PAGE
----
Ocean enthusiast Oriana Poindexter has spent the past year immersed in sustainability studies at Scripps Institution of Oceanography at UC San Diego, with a final, independent research project taking her to fish markets in cities throughout Southern California, Japan, and Mexico.
She conducted this research as a graduate student in the Master of Advanced Studies in Marine Biodiversity & Conservation (MAS MBC) program at Scripps, an intense, 12-month program geared toward professionals interested in marine conservation careers. This interdisciplinary program equips students with the knowledge they need to improve marine ecosystems from scientific, economic, and policy perspectives, while also providing them with important cultural and communications skills.
Poindexter and 19 other graduating students from the program presented the findings of their final “capstone” projects at the eleventh annual MAS MBC Capstone Symposium, held on June 4 at the Robert Paine Scripps Forum for Science, Society and the Environment.
“My understanding of the oceans, their processes, and the issues they face has expanded exponentially in the past year,” said Poindexter. “The wide-ranging curriculum of the MAS program, combined with the incredible breadth of expertise in the Scripps community, made it possible for me to pursue my existing interests while also discovering new ones that I hadn't previously considered.”
The results from Poindexter’s project, “The Fish Market Chronicles: A Pan-Pacific Survey,” showed that people in California, Japan, and Mexico prefer to eat high trophic level (high in the food chain) seafood species, and are willing to pay more for them. She also examined price premiums associated with eco-labeled seafood products and found that the profit margin for eco-labeled products also increased with high trophic level species, such as tuna or swordfish.
Poindexter concluded her presentation by suggesting a few market-based incentives and management policies that could be applied to improve the ecological sustainability of seafood harvests.
Other student presentations at the symposium featured topics such as community restoration efforts in the Gulf of Mexico, best practices for sustainable and responsible whale watching along the Pacific coast, the possibility of using hydrophones to detect trawling activity of boats, educational tools and outreach techniques to inspire young students, and more.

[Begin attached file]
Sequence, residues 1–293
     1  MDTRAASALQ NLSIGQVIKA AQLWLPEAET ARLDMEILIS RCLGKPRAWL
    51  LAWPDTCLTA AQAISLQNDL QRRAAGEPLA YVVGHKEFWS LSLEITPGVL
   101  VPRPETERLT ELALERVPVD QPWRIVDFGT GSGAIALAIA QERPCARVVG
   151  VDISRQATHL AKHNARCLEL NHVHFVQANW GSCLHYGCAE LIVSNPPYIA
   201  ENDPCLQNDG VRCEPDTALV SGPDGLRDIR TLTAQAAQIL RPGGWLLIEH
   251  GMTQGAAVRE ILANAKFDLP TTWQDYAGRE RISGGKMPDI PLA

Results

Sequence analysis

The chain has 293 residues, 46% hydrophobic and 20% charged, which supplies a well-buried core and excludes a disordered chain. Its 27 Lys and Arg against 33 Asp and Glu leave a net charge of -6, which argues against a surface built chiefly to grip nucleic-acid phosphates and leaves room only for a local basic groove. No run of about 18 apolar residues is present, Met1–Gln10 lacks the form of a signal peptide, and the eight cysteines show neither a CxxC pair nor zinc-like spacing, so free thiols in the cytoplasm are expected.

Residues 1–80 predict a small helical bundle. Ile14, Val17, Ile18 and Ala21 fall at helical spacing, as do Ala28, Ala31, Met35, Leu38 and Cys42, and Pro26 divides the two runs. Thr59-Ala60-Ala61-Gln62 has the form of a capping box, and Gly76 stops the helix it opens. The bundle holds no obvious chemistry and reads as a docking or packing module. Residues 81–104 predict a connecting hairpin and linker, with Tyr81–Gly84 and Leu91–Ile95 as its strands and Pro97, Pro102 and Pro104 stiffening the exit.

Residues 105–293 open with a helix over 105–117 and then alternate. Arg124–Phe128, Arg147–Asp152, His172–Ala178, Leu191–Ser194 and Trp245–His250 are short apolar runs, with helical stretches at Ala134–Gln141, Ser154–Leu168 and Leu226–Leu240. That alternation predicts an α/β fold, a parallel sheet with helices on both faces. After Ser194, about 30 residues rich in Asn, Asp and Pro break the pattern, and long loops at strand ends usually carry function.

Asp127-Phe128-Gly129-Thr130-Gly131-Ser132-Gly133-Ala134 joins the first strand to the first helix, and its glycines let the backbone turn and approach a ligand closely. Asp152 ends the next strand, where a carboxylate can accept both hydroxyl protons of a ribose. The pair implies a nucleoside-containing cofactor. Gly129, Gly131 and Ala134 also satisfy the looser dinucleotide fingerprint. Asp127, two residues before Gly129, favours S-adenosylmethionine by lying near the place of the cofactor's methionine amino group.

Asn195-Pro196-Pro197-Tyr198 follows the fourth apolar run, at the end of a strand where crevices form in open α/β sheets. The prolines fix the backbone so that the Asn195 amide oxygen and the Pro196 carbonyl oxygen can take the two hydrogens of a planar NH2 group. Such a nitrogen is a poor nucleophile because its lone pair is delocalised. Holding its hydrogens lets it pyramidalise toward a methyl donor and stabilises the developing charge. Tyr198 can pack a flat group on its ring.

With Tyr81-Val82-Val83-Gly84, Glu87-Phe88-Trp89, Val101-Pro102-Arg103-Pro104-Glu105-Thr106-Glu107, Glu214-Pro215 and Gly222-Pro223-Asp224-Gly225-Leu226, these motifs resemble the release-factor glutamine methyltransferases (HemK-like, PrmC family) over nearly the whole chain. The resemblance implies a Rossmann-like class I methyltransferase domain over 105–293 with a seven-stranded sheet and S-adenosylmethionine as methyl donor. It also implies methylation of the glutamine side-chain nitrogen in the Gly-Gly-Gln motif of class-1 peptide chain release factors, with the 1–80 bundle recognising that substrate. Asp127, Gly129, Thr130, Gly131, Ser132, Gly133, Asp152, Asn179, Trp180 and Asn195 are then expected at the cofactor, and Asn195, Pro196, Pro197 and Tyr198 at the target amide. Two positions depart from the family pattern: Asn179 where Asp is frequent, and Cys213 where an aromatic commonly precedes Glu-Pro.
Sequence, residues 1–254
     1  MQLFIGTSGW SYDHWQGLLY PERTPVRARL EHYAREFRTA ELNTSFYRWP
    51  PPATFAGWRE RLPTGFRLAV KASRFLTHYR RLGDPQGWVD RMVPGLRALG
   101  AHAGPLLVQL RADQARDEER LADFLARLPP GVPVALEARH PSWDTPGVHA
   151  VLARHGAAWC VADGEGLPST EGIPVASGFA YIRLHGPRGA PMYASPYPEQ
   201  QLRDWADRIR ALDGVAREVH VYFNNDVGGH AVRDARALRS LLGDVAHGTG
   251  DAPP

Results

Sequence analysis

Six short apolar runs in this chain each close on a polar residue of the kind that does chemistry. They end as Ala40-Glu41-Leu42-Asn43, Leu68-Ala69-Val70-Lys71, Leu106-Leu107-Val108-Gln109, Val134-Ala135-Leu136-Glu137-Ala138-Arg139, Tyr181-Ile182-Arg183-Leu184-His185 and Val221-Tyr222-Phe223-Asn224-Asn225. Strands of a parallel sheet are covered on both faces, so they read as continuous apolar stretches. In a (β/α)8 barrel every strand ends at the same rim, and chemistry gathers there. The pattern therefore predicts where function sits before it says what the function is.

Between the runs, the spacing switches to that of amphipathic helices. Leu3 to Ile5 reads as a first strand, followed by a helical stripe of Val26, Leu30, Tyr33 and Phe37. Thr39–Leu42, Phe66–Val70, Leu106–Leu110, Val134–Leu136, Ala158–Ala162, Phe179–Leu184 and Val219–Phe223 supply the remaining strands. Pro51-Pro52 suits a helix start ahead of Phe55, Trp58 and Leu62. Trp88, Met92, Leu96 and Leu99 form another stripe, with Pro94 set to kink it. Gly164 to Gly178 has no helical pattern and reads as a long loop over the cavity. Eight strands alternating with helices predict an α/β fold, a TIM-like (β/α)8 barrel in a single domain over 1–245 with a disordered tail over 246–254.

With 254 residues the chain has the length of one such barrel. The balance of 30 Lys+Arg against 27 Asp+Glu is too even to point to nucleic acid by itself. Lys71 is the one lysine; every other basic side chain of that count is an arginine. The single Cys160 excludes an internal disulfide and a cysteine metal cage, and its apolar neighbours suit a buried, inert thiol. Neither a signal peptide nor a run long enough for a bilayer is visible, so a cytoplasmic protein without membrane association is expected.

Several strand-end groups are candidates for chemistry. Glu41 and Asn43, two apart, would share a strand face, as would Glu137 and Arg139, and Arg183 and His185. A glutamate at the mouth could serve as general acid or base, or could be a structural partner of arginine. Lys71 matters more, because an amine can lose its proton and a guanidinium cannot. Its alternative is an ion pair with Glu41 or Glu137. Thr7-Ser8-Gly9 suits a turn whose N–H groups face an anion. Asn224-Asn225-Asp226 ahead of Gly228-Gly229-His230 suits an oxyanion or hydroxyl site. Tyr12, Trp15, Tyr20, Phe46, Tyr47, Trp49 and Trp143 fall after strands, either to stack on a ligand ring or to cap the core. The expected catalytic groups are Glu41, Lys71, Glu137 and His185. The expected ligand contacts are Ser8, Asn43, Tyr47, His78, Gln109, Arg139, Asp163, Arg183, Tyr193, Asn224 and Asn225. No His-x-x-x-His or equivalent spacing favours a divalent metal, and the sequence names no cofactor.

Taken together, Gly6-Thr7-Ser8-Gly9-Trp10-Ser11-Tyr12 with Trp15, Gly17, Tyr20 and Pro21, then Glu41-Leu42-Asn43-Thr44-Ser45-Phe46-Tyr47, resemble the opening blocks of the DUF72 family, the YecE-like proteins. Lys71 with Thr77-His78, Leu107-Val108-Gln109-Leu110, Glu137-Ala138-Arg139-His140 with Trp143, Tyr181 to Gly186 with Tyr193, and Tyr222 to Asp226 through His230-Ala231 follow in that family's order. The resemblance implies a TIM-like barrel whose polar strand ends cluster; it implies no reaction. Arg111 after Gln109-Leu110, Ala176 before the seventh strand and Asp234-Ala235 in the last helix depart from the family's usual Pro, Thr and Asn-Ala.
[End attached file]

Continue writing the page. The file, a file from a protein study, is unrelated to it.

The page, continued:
“Each class is special, but this class really highlights how disciplinary diversity can enrich the approach we take when studying marine biodiversity and conservation,” said Phaedra Doukakis-Leslie, academic coordinator of the MAS MBC program, during her opening remarks at the symposium.
The MAS program in marine biodiversity and conservation began in 2004, and Scripps recently launched a new MAS program in climate science and policy (CSP), which will welcome its inaugural class in August 2015.
Now that the students in the MAS MBC class of 2015 have completed their studies at Scripps, Doukakis-Leslie is confident that these ocean ambassadors will go forward and make a difference in understanding and protecting the planet.
“The people, the research, the atmosphere, and the proximity to the ocean provided them with so much opportunity to expand upon their knowledge base and learn new perspectives on framing their approaches to marine conservation issues,” said Doukakis-Leslie. “And I think it's a two-way exchange: during their time here, the students also broadened and informed the perspectives of many in the Scripps community.”
Congratulations to the following MAS MBC students, for their excellent presentations, and for obtaining a professional master’s degree from Scripps Oceanography:
Paloma Aguirre, Ana Luisa Ahern, Adnan Hassan Alalawi, Alicia Amerson, Natalie Blea, Chad Hamilton-Koll, Michele Heller, Nathaniel Hanna Holloway, Tom Holm, Taylor Maddalene, Johanna Marsters, Chase Martin, Nathalie Delherbe Martínez, Caroline McCandless, Mallory Morgan, Elizabeth Irvine Huntley Penniman, Oriana Poindexter, Canon Purdy, Marina Som, and Lauren Ward.
– Brittany Hook